9

Your most future proof solutions will be those which fully separate the hardware from the protocol. Your example HS200 light switch joins many smart outlets in being based on an Embedded Linux system (the source is available in TP Link's GPL Code Center) Chances are, like most of the outlets, the underlying system is one derived from a strange vendor ...


6

It sounds like you should be looking for a complete IoT device management platform - there are too many complicated aspects of scalability, security, provisioning and firmware update for this to be a sensible thing to try and develop in house from scratch. Make sure you pick a platform which uses open standards. To answer your question more directly, each ...


5

One good way to access devices scattered around in private networks is using MQTT for communication. In MQTT server publishes messages on topics and devices can subscribe to them and thus get notified when new content arrives to the topic. There are solutions available around the web, you either pick one or implement your own. Main idea is to make a ...


5

Distributed Tracing The idea behind any worthwhile distributed tracing is most commonly known described in this Google whitepaper about their Dapper solution. Note that I'm not saying they invented it. In essence it works the same for IoT, just start the trace at the edge, either of your backend or even on the end devices. While the Google whitepaper is ...


4

It sounds like you need what is called "hairpin" NAT (wikipedia link). This is a capability of your Home/Office router. This means that if you try to connect to the WAN/ISP side of router from inside your network it will "turn round" the request and follow the port forwarding rules to access the internal service. With this in place then you would configure ...


4

I've been buying Sonoff smart plugs on eBay lately and flashed them with custom firmware. This is possible because they are based on the ESP8266. They are very affordable and pretty advanced. They need to be opened and a pin header soldered onto the PCB, then you have to program them with a FTDI adapter, which you can also get cheap on eBay. It's pretty ...


4

As Chris said, the key is to separate the protocol from the hardware. But that doesn't mean you have to implement your own firmware! You can choose a switch that supports a common and readily available home automation protocol, such as Z-Wave or Insteon. These are closed protocols, but there is a wide variety of manufacturers that create interoperable ...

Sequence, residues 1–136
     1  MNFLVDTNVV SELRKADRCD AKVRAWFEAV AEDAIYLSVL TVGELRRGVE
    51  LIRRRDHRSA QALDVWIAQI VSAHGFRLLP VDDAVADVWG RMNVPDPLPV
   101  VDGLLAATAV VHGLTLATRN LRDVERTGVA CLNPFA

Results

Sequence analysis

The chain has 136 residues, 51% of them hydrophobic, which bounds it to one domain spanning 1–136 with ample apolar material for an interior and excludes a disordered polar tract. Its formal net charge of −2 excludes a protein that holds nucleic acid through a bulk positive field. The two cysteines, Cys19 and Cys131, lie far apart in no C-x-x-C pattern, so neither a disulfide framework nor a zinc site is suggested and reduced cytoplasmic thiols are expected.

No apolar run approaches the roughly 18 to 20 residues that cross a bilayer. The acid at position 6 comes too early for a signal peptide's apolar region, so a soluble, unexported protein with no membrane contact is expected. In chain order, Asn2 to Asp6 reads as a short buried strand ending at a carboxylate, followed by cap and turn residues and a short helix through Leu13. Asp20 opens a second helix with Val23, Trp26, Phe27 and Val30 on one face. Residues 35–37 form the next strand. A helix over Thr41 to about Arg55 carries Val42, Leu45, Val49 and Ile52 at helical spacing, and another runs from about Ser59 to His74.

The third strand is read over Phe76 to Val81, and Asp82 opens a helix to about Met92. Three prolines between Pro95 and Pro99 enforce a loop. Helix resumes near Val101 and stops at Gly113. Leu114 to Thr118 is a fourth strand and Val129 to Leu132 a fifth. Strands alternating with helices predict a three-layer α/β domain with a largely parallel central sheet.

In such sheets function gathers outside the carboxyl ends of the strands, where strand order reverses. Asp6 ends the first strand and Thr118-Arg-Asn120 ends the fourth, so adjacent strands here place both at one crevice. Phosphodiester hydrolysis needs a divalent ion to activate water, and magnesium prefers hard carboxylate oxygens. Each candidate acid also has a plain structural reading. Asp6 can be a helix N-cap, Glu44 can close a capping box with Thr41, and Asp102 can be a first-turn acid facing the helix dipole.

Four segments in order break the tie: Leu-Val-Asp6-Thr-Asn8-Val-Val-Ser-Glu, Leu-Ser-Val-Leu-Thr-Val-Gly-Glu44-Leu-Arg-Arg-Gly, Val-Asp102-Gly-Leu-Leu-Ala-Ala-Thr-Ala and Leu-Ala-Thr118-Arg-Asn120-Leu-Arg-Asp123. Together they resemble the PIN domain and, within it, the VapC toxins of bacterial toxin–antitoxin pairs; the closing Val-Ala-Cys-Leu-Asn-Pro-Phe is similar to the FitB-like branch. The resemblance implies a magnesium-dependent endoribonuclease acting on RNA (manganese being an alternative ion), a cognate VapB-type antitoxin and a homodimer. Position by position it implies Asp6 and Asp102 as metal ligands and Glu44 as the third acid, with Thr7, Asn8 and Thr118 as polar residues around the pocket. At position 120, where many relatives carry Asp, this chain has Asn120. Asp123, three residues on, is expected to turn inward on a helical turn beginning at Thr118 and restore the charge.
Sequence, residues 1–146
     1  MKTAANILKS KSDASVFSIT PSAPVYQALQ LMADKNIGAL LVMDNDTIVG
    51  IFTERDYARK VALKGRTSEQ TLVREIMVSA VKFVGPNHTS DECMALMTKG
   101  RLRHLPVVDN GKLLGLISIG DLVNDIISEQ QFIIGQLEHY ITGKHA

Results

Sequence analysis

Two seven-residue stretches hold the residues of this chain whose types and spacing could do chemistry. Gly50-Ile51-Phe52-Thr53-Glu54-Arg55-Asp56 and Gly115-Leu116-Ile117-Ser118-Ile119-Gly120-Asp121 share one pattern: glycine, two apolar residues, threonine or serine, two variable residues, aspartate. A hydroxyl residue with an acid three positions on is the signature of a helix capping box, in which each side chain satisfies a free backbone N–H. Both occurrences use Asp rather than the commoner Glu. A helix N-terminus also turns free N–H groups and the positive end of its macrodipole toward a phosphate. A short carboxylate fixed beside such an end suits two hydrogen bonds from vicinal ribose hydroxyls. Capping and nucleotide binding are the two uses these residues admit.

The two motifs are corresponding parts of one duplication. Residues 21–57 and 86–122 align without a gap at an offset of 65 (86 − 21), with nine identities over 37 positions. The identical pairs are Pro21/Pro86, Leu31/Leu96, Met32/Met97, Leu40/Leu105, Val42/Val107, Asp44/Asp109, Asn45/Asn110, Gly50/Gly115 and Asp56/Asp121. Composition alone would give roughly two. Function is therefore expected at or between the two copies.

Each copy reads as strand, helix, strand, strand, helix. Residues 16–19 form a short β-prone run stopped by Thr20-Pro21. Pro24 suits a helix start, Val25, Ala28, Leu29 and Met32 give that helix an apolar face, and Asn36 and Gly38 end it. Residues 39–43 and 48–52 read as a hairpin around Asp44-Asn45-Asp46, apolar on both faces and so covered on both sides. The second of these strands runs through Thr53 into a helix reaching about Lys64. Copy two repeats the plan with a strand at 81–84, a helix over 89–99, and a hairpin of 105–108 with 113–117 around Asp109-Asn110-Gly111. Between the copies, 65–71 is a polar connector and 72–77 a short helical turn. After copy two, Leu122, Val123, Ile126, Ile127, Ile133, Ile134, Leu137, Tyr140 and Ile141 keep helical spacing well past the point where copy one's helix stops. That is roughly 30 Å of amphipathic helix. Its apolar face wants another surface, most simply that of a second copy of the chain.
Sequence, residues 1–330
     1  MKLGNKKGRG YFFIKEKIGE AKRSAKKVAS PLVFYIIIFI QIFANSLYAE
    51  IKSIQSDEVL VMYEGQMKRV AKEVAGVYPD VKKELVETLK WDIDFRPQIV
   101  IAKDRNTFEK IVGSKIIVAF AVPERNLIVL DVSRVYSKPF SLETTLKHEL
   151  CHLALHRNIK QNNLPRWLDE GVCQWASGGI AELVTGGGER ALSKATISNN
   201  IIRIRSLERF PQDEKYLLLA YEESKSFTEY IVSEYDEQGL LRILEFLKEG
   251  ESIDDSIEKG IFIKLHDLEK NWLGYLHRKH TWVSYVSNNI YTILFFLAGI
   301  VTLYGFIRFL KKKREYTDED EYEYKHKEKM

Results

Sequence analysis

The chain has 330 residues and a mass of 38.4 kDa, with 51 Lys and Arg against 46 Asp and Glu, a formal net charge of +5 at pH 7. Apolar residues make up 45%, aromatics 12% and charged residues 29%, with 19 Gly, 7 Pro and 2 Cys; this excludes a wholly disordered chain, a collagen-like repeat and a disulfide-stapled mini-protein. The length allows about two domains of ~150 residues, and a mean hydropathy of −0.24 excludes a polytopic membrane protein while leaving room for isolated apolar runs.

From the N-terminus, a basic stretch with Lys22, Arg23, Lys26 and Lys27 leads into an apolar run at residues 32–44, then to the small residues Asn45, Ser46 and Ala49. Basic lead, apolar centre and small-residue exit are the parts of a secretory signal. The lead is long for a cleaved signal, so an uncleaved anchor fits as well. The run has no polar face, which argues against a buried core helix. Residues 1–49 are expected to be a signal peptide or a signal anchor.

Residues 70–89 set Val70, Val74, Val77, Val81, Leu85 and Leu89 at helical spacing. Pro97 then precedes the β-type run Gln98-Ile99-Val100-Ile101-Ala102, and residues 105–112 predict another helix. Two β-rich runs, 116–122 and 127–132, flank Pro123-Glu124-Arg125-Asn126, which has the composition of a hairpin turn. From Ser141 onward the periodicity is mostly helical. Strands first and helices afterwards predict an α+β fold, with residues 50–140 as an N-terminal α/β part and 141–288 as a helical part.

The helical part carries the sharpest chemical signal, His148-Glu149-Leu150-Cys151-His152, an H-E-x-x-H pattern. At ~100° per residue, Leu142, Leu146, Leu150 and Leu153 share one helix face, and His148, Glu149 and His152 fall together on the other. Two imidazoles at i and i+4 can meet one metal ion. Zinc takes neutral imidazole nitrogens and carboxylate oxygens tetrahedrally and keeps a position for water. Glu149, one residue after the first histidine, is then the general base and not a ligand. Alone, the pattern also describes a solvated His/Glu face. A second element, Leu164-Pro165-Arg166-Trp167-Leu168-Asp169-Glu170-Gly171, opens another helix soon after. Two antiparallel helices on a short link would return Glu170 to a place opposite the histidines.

4

I wonder if another solution would be to have your Raspberry Pi PUSH the feed out to a cloud server. The other answer provides the best possible way to get INTO your pi from outside, but if you don't need to do that, if you just want occasional security camera-style images, you could script something that would watch a folder, and when a new image appears, ...


4

The problem you're trying to solve is called NAT traversal, where you're trying to communicate with another device while using carrier-grade NAT. Potentially, you could proxy all of your packets through a server, using a protocol like SOCKS. This probably won't scale exceptionally well, but if you don't plan to have too many clients, it's probably acceptable....


4

Non-IP devices by definition are not addressable over the Internet, so the concepts of port forwarding and UPnP do not apply. Instead, the hub has to provide a translation service. There are various standard and non-standard ways to do this. For example, a non-standard way to control a Z-Wave device might be for the gateway to run custom software that ...


3

Anything that receives commands or software updates over a radio is open to attack, it doesn't necessarily need to be initiated via a internet connection. E.g. http://iotworm.eyalro.net/ Or it doesn't even need a radio https://en.m.wikipedia.org/wiki/Stuxnet


3

In the configuration.py file, i hope you are using double quotes while parsing string arguments as the output which you are receiving, maximum time we miss those quotes only while changing arguments. If this doesn't help please go through the appended link: https://www.home-assistant.io/docs/ecosystem/hass-configurator/#configuration-ui-for-home-assistant


2

Assuming you can drive this via MIDI as @jcaron suggests to get it to do what you want, you are still going to have to write a lot of code here. Some key points Booking/Locking, you are going to need a way to divide up time on the device since only one student will be able to use it at once You will need to map all the interface options between the web page ...


1

All 3 of the options you have described are valid options, but they all depend on what infrastructure you already have or are prepared to deploy and how much you want to spend. DDNS - this will very much depend on the cellular network you are using and they type of contract you have with them. Most cellular data providers use something called Carrier Grade ...


1

@Uraty try ubidots. It provides excellent dashboard which allow you to easily configure your devices and create UI in few mouse clicks. You may also try another simpler service called Freeboard for same purpose.


Only top voted, non community-wiki answers of a minimum length are eligible